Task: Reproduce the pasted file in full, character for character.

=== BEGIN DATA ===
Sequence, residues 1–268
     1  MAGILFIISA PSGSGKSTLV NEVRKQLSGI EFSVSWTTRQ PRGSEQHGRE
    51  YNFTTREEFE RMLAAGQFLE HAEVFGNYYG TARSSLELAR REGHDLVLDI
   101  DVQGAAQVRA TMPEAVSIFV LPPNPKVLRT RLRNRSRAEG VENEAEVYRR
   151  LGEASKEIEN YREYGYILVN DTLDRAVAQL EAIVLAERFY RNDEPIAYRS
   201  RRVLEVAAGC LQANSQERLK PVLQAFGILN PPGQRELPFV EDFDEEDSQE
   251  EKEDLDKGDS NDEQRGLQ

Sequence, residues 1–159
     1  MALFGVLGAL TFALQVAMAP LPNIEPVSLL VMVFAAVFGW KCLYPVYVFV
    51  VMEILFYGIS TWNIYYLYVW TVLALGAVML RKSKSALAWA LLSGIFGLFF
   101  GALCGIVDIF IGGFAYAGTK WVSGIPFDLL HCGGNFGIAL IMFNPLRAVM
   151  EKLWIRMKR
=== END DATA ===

Sequence, residues 1–268
     1  MAGILFIISA PSGSGKSTLV NEVRKQLSGI EFSVSWTTRQ PRGSEQHGRE
    51  YNFTTREEFE RMLAAGQFLE HAEVFGNYYG TARSSLELAR REGHDLVLDI
   101  DVQGAAQVRA TMPEAVSIFV LPPNPKVLRT RLRNRSRAEG VENEAEVYRR
   151  LGEASKEIEN YREYGYILVN DTLDRAVAQL EAIVLAERFY RNDEPIAYRS
   201  RRVLEVAAGC LQANSQERLK PVLQAFGILN PPGQRELPFV EDFDEEDSQE
   251  EKEDLDKGDS NDEQRGLQ

Sequence, residues 1–159
     1  MALFGVLGAL TFALQVAMAP LPNIEPVSLL VMVFAAVFGW KCLYPVYVFV
    51  VMEILFYGIS TWNIYYLYVW TVLALGAVML RKSKSALAWA LLSGIFGLFF
   101  GALCGIVDIF IGGFAYAGTK WVSGIPFDLL HCGGNFGIAL IMFNPLRAVM
   151  EKLWIRMKR